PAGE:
Gravity works on a lot of levels. It's eye-catching, it’s playful. It interrogates art and history again, it brings a new kind of materiality to a very old, traditional subject matter. It also takes us outside the white box gallery, as you said. Talk us through the inspiration and the creation process.
Well, I'm a conceptual artist, so my ideas dictate the medium that the work is finalised in. When I made the neon show in 2018, that came from experiencing Hong Kong for the first time and I became adamant about using this dying art. It speaks to this shift from analogue to digital. So this idea comes from synthesising different ideas, having made other objects that function in one way and then wanting to do something different. I’d done a Nefertiti disco ball previously, and that asked the question, what’s next?
So I went for King Tut, wanting to see something light-hearted but also with a serious context, and with the experience of seeing it from far away and then being drawn into it by the way it looks. And once you make your way down to the lower level, you’re engaging with the texts and the materials inside. One is a portrait from Black and Gold, which informs the work. There are books sourced from my studio, incense oils and other things that have touched different parts of the world. I think it speaks to this idea of King Tut and how we identify with these symbols and historical legacies, how they’re being misconstrued and misunderstood.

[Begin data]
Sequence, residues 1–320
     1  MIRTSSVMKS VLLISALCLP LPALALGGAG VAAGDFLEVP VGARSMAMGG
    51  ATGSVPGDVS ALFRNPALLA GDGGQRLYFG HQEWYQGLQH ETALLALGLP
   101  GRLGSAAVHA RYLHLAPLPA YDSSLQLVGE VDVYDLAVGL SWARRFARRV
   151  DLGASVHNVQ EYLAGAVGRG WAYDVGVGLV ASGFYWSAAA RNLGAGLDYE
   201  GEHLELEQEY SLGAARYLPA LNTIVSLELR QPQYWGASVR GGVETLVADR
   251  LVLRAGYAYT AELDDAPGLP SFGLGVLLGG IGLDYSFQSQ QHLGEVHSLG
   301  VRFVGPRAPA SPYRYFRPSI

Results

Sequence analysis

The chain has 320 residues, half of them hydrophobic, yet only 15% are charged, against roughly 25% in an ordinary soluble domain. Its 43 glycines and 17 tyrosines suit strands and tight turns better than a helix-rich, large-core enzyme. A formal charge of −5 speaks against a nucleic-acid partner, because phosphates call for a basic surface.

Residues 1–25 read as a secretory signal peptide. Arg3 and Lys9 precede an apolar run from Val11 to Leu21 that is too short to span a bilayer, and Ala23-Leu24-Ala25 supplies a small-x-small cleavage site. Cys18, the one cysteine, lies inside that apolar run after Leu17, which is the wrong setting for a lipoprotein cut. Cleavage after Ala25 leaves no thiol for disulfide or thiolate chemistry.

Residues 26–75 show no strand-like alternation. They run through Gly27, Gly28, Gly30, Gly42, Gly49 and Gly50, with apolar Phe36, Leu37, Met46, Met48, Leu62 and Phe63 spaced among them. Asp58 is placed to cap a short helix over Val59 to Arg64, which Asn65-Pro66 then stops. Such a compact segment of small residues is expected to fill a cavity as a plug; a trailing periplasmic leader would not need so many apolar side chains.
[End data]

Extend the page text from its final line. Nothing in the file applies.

So for me, it’s about recontextualising them in a more modern context, bringing in a materiality to this ancient figure. That was important: allowing a new generation to deal with history in a more exciting and engaging way, as opposed to being didactic and very narrow about it. There are so many books that exist on the subject of King Tut, on Egyptology, on civilisations, but rarely do we see them in their true context, which is that these things originated in Africa, and Egypt is in Africa, not the Hollywood version that we see. These things are very important to me.